Wilderness Underfoot: Nature's hardest working organ

StoryImage( ‘/Images/Story//Auto-img-112490531732401.jpg’, ”, ”);
StoryImage( ‘/Images/Story//Auto-img-112490542932697.jpg’, ”, ‘The human heart – Your heart is just a bit larger than your fist. Many people mistakenly believe the heart is on the left side of the chest. It is actually located in the center, but part of a lobe is touching the left wall of your chest, so that’s where a doctor places a stethoscope to listen for the most clear sound of the beat. Human hearts have four chambers – a trait shared by other mammals and birds. Reptiles have three-chambered hearts, and fish have simpler two-chambered hearts. Humans and other animals owe their complexity to the origination of the heart in a flatworm that evolved about 700 million years ago. The earliest, most primitive hearts were simple tubes that contracted, causing blood to flow. As animal bodies became larger, and increasingly complex and demanding, hearts evolved additional chambers to better deliver oxygen-rich blood and nutrients.’);

The heart is so vital that only a few minutes without its pulsing can result in death

Just larger than a clenched fist, the heart is perhaps the most incredible muscle in the human body. Unlike other muscles, it works endlessly without fatigue, beating about 70 times per minute. Each year, this powerful pump will pulse about 35 to 40 million times, and over a lifetime it will pump more than a million barrels of blood through the human body.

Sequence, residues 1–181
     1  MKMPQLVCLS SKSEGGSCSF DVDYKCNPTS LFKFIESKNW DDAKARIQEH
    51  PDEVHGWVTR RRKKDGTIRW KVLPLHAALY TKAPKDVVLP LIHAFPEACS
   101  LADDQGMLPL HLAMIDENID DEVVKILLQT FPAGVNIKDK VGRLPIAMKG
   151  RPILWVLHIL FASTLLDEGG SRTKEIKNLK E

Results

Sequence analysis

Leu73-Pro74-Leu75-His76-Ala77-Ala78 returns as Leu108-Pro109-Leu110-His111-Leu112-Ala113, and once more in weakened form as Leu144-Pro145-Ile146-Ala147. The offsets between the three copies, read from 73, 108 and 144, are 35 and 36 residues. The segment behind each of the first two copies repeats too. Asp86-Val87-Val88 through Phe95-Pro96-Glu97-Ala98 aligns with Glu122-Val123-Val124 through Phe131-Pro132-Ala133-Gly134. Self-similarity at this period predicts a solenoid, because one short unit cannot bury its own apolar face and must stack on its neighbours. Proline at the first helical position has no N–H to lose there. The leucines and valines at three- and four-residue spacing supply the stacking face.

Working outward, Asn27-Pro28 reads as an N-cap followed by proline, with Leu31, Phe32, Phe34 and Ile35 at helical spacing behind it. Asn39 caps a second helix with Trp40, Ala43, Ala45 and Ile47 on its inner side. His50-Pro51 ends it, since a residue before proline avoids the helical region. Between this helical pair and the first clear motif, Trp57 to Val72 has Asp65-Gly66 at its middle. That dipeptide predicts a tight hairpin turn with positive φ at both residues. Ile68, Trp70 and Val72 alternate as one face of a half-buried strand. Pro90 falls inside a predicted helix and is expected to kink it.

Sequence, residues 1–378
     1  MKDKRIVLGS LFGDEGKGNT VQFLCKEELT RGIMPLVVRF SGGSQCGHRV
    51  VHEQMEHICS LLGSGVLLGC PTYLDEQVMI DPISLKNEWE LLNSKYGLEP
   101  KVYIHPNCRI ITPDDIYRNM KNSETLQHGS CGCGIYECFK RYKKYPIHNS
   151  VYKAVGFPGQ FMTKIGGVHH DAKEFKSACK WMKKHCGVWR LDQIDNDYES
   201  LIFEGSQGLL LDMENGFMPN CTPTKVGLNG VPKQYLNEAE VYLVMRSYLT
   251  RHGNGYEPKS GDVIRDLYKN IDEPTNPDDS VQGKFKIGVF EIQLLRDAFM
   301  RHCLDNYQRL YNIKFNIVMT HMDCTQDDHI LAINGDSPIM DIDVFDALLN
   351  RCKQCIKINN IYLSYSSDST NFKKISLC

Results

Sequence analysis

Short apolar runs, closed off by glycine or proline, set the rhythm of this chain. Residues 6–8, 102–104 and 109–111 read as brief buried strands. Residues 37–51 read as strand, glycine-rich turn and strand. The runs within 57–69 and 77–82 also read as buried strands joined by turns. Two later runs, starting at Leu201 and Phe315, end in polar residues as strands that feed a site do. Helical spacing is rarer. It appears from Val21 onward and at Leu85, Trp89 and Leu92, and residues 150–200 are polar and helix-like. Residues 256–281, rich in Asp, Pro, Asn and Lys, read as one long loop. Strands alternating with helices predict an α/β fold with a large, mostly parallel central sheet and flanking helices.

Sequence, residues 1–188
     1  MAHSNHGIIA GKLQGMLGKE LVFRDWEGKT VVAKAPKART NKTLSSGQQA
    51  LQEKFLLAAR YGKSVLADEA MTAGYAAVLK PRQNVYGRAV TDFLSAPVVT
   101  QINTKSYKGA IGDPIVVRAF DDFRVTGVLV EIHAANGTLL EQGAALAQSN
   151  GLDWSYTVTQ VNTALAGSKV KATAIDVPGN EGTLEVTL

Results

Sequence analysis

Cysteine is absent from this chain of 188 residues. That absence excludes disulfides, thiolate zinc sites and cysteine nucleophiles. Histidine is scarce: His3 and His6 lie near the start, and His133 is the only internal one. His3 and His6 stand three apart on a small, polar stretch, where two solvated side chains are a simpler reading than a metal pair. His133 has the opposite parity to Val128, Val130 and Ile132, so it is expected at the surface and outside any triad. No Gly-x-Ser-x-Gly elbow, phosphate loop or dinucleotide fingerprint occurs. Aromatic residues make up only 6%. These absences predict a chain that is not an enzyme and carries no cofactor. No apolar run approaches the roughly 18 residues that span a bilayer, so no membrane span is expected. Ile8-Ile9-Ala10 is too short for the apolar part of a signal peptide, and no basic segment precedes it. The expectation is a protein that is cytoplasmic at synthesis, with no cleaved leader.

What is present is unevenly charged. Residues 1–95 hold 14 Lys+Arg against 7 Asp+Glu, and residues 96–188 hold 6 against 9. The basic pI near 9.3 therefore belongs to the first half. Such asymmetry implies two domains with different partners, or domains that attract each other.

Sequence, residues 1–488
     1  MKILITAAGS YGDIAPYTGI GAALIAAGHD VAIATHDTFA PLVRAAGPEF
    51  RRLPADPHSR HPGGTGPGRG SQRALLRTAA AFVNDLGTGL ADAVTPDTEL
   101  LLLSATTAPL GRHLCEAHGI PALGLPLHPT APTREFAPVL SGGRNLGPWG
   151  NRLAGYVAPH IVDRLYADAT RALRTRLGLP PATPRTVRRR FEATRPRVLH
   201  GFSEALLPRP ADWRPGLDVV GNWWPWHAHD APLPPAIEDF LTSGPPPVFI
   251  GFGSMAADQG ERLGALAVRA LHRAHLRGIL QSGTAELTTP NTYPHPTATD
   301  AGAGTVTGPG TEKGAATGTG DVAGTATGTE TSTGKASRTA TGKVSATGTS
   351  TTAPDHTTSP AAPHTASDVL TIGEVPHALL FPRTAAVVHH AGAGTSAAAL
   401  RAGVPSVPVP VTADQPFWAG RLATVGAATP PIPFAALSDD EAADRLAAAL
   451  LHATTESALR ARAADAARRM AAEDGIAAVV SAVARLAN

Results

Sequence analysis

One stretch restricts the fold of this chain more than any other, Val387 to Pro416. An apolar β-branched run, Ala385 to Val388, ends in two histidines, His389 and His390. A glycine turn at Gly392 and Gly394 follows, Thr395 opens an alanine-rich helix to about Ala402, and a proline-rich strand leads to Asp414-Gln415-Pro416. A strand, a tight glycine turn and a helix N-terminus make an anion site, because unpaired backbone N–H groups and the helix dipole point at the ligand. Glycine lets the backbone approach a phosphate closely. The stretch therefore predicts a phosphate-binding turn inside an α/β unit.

Pushing blood around isn’t an easy task, either. The heart must contract with the same amount of pressure it takes you to squeeze a firm rubber ball with your hand. Blood is first pumped out to the lungs, returning to the heart with fresh oxygen. Some of this oxygen is used by the heart, itself. With another push through the heart, oxygen-rich blood is then sent through the human body. The blood travels through flexible tubes called vessels. These vessels can range in size from the diameter of a kitchen faucet in large arteries, to one-tenth the diameter of a human hair in tiny capillaries. About 12,000 miles of blood vessels are woven throughout your body.

Within the blood is the fuel for all of the other organs, as well as nutrients, disease fighting antibodies, and oxygen. Blood also helps carry away waste materials and gases such as carbon dioxide so they can be eliminated from the body.

When a hearts stops beating (cardiac arrest), the most immediate threat to the human body is the sudden loss of fresh oxygen – and the organ that is most at risk is the brain. A brain can begin to suffer damage within about four minutes after the supply of oxygen is stopped, and after about six minutes it begins to die. Any time a brain suffers injury due to loss of oxygen, it is referred to as anoxic brain injury. The goal of cardiopulmonary resuscitation (CPR) is to revive somebody whose heart has stopped beating before the onset of brain damageinjury and death.

From the Aug. 24-30, 2005, issue

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